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The critically endangered Panamanian golden frog may be extinct in the wild. Amphibians are going extinct at an alarming rate. Photo by Brian Gratwicke.

Nearly one-third of assessed amphibian species, for example, are already extinct or endangered. The rate of extinction for these animals is between 25,039 and 45,474 times the background extinction rate due to the deadly Chytrid fungus, pollution, and habitat destruction. Although amphibians play a vital role in the food chain, consume insect pests, and are valuable environmental indicators, endangered amphibians only receive a fraction of the attention—and funding—garnered by more popular species like the tiger or the vaquita.

The vaquita has recently become a conservation celebrity as the most endangered cetacean in the world. The tiny porpoises, endemic to the Gulf of California, are rapidly approaching extinction because they are caught as bycatch in gillnets aimed at catching the totoaba, another critically endangered species whose swim bladders command astronomical prices in China for their supposed medicinal benefits.  After recent estimates placed the vaquita’s population at less than 30 individuals, the Mexican government recruited the U.S. Navy to deploy trained dolphins to locate the remaining vaquitas, which will then be placed in protected sea pens so they can survive and hopefully reproduce out of harm’s way.

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A dead vaquita is entangled in a gill net set for totoaba. Photo by Omar Vidal.

The problem with this plan is that we know so little about the elusive vaquita that there is no guarantee that they will survive in captivity. Devoting resources to this last-ditch effort will not address the cause of the problem—illegal fishing for the endangered animal trade—and could divert attention and funds away from potential solutions to the problem, like increased enforcement of illegal fishing. Clearly, though, current policies are not working fast enough, and this might be the only way to save the vaquita from certain extinction. But is the cost and effort justified when the outcome is so uncertain? Why are we so determined to save this animal, when so many others are at risk? Would the resources be better spent on species we know we can save?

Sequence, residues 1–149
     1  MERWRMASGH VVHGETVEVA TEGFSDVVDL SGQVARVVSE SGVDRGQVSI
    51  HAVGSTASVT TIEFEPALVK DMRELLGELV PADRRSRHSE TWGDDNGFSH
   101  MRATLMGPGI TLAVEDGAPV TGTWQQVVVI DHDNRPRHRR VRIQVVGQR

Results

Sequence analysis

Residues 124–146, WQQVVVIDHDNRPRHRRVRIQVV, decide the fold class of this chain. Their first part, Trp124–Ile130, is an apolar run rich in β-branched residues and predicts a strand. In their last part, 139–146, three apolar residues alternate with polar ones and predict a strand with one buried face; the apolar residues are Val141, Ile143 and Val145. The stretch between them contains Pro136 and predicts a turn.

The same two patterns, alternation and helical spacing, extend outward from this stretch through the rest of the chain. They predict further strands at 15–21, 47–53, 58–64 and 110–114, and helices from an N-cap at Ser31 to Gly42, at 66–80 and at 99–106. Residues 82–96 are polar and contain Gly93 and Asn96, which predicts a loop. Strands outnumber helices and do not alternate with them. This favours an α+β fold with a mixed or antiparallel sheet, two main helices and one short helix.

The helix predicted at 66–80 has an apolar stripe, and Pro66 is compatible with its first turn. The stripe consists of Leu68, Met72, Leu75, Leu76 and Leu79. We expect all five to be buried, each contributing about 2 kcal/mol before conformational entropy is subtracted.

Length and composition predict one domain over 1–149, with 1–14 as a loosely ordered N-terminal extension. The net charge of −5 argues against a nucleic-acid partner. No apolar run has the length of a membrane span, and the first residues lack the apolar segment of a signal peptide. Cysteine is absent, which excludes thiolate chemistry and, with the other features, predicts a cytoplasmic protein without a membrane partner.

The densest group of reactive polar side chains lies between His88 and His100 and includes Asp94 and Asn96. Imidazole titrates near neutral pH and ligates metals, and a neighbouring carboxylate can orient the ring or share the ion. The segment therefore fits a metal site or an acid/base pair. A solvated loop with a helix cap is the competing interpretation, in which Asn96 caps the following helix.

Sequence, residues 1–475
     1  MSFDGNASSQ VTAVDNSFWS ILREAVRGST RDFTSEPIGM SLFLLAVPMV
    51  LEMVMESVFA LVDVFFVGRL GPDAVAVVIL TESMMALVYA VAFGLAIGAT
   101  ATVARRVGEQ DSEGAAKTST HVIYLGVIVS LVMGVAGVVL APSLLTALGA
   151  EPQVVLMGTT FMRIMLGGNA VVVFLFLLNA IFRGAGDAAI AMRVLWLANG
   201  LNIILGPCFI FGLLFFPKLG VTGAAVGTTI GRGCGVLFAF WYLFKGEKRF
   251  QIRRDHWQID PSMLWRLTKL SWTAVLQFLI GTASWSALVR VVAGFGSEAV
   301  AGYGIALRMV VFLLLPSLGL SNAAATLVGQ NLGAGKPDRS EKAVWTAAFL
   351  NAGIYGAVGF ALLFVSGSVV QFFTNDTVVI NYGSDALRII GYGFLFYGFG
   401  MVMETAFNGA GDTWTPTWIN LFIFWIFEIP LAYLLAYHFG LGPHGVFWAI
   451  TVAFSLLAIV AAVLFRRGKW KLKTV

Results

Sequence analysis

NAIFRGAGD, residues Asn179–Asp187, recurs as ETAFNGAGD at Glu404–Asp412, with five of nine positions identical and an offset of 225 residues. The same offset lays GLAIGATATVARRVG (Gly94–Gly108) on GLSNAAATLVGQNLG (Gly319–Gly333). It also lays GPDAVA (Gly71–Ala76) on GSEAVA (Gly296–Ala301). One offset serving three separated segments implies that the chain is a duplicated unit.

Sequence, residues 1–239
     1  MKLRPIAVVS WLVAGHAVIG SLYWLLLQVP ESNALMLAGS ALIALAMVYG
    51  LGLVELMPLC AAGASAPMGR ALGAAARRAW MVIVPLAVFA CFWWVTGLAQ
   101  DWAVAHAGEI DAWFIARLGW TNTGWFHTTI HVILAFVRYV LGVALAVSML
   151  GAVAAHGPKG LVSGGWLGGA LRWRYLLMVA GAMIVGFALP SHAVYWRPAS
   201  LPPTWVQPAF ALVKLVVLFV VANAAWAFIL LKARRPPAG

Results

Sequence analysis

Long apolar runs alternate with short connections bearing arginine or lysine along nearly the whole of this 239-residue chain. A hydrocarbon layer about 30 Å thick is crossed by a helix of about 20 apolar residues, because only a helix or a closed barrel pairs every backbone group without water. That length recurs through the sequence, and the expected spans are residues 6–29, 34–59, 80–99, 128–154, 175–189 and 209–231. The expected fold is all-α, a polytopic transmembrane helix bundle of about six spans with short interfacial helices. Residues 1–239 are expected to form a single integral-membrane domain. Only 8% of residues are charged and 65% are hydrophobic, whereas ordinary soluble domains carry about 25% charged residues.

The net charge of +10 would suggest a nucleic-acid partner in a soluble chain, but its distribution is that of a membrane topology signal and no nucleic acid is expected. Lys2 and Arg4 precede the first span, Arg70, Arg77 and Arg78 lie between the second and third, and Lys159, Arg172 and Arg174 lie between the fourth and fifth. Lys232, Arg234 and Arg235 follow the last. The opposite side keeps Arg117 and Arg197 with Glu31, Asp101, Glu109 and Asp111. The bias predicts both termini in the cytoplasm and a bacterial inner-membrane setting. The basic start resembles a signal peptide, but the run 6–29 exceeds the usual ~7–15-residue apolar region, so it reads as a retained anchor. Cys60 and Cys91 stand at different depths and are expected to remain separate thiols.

If we are to make the most of conservation efforts, we desperately need a more rational and holistic decision-making approach. The Project Prioritization Protocol from the University of Queensland in Australia includes not just a species’ value, threats, and cost of management, but the probability that the proposed management will succeed. Allocating conservation funding to the most cost-effective and least risky projects allows a greater number of species to be successfully managed. This is the kind of tool we should be using to maximize our conservation impact in the United States.

Although our obsession with “charismatic megafauna” leaves many important species out of the mainstream conservation dialogue, we should continue to use the appeal of these animals to advance the conservation movement as a whole. “Celebrity species” help to educate the public about environmental issues that affect entire ecosystems and raise funds that can then go toward the conservation of species that are in greater need.

Moving forward, however, we must examine the cognitive dissonance that leads us to care about some species and not others. Saving penguins and vaquitas won’t solve the world’s problems—we also need to save species that have the most conservation value based on scientific evidence, even if they are not cute and cuddly. It’s time to accept that we must make difficult and painful decisions to save species from extinction. If we make these decisions based on the best science and tools available, at least we can be sure that we are doing our best to save as many as possible.